One character says that some books “confine the power” and will explode if opened. This book isn’t one of them. At almost...



A sci-fi thriller in which nefarious forces plan to sink the world into darkness.

Capt. Joe Ledger (Assassin's Code, 2012), who runs the Special Projects Office for Uncle Sam, is sent on no notice to Antarctica to investigate mysterious electromagnetic pulses and a device code-named Kill Switch. In another thread, Prospero Bell is an 11-year-old father-hating genius who has a perfect eidetic memory and says “I’m getting smarter all the time.” Dad returns the sentiment: “That little freak is nobody’s son.” Indeed, the adopted lad was born in a laboratory and dreams that he must build a God Machine. A code to running such a device may be hidden in ancient prayers and books containing the Unlearnable Truths that have been partly destroyed by “warrior priests.” Throughout his teenage years he creates the gizmo, a particle accelerator that opens a doorway to another dimension. Meanwhile, Ledger must deal with numerous disasters: a 737 crashes into a Marriott and kills at least 5,000 people, lights go out at a presidential debate, someone’s U2 mix stops on his iPod, and Ledger’s team faces “giant violent albino penguins.” Ledger and others hallucinate (no, really), and a dead man speaks. Much of this mayhem is the fault of the Islamic State group, especially the Mullah of the Black Tent, who plans to throw the infidels “into a world of darkness.” His dastardly plan is plausible because someone has stolen Kill Switch from a secret lab and shipped it to the Islamic State group. The thing is a “portable electrical null field generator,” i.e. a nasty EMP weapon. F-bombs fly, blood flows, and everyone screams at least once. In the midst of it all, Prospero says that “Evil is just a word,” and morals are whatever one can enforce.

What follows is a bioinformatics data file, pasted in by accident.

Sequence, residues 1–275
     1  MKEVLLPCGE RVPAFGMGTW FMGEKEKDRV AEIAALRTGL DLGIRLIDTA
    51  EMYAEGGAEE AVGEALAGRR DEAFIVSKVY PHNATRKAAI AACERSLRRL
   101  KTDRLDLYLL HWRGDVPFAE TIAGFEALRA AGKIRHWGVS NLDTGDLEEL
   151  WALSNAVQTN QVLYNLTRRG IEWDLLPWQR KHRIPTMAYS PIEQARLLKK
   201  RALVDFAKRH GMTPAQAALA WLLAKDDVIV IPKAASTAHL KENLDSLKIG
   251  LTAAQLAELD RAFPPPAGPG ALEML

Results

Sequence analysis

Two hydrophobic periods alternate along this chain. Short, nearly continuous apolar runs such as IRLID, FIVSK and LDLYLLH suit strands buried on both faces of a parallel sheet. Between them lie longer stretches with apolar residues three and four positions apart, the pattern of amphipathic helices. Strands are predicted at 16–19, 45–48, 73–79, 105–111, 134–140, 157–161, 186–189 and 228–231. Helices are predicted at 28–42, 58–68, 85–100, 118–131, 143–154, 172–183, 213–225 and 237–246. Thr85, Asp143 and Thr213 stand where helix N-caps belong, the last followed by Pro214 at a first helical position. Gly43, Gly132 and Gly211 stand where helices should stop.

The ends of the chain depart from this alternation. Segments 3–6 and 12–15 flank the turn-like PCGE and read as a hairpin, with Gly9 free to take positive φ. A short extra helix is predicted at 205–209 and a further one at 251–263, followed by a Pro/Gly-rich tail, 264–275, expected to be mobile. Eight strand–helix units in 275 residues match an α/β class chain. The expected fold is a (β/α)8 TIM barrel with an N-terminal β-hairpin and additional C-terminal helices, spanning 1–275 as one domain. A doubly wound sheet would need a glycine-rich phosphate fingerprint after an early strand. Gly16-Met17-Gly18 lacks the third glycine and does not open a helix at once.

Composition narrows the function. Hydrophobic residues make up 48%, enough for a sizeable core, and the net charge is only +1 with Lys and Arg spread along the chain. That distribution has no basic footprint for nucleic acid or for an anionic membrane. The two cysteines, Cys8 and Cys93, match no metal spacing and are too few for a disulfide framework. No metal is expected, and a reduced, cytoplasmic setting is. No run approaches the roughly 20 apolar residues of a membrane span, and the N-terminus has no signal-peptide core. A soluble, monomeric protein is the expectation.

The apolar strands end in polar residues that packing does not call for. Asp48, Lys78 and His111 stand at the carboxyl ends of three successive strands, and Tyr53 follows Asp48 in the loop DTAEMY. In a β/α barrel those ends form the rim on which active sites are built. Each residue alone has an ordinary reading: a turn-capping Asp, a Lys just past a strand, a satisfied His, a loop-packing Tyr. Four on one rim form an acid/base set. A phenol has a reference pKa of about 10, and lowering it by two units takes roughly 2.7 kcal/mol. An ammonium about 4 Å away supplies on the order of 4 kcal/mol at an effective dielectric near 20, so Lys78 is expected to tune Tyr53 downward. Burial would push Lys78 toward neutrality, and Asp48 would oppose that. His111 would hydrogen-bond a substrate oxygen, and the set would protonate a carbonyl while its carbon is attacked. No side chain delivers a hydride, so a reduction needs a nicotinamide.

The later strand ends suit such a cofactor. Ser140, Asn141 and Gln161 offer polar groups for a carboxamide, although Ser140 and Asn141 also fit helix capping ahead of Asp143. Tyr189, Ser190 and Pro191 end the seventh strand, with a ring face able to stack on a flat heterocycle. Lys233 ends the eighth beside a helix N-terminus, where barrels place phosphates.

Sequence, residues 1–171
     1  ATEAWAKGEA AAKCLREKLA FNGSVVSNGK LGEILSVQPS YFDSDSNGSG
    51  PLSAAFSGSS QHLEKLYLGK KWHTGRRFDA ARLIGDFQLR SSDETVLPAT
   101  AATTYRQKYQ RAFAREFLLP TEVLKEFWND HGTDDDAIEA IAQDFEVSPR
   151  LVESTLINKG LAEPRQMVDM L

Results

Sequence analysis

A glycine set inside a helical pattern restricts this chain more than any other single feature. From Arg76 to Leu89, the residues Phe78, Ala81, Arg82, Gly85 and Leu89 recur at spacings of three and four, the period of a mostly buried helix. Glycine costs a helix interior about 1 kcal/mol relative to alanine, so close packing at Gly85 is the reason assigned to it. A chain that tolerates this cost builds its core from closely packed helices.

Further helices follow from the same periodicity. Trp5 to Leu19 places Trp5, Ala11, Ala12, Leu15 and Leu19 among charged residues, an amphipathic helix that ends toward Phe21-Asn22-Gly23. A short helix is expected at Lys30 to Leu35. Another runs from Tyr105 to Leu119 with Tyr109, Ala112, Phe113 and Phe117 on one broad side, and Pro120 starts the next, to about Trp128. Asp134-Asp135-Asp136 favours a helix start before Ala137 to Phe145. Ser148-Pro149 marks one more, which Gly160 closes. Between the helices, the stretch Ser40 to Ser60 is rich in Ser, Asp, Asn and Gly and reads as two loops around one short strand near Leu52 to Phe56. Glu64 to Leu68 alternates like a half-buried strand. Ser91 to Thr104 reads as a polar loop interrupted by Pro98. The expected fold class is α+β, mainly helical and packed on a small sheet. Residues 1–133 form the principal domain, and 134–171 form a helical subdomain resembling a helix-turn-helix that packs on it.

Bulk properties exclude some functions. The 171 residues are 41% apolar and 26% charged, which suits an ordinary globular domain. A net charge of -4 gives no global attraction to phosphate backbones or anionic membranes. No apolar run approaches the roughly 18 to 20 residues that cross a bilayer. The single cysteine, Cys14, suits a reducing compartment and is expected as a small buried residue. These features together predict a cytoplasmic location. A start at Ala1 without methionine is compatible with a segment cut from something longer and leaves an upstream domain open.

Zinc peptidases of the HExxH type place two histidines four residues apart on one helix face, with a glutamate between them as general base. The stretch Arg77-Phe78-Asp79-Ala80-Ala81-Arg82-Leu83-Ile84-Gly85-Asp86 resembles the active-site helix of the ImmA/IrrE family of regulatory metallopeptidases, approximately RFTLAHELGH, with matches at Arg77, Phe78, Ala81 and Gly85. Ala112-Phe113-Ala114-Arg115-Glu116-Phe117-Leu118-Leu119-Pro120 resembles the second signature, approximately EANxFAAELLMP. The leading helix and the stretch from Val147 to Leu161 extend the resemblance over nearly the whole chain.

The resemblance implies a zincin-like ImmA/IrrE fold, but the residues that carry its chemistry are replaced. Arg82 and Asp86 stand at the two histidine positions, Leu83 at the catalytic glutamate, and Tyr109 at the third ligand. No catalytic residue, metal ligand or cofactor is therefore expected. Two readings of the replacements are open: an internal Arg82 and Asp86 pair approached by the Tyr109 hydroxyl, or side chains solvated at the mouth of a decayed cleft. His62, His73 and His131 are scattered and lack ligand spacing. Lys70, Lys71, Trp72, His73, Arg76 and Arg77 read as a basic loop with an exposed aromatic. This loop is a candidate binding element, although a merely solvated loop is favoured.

One character says that some books “confine the power” and will explode if opened. This book isn’t one of them. At almost 500 pages, it’s bloated and juvenile.

Pub Date: April 26, 2016

ISBN: 978-1-250-06525-4

Page Count: 480

Publisher: St. Martin's Griffin

Review Posted Online: Feb. 4, 2016

Kirkus Reviews Issue: Feb. 15, 2016

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Amateurish, with a twist savvy readers will see coming from a mile away.


A woman accused of shooting her husband six times in the face refuses to speak.

"Alicia Berenson was thirty-three years old when she killed her husband. They had been married for seven years. They were both artists—Alicia was a painter, and Gabriel was a well-known fashion photographer." Michaelides' debut is narrated in the voice of psychotherapist Theo Faber, who applies for a job at the institution where Alicia is incarcerated because he's fascinated with her case and believes he will be able to get her to talk. The narration of the increasingly unrealistic events that follow is interwoven with excerpts from Alicia's diary. Ah, yes, the old interwoven diary trick. When you read Alicia's diary you'll conclude the woman could well have been a novelist instead of a painter because it contains page after page of detailed dialogue, scenes, and conversations quite unlike those in any journal you've ever seen. " 'What's the matter?' 'I can't talk about it on the phone, I need to see you.' 'It's just—I'm not sure I can make it up to Cambridge at the minute.' 'I'll come to you. This afternoon. Okay?' Something in Paul's voice made me agree without thinking about it. He sounded desperate. 'Okay. Are you sure you can't tell me about it now?' 'I'll see you later.' Paul hung up." Wouldn't all this appear in a diary as "Paul wouldn't tell me what was wrong"? An even more improbable entry is the one that pins the tail on the killer. While much of the book is clumsy, contrived, and silly, it is while reading passages of the diary that one may actually find oneself laughing out loud.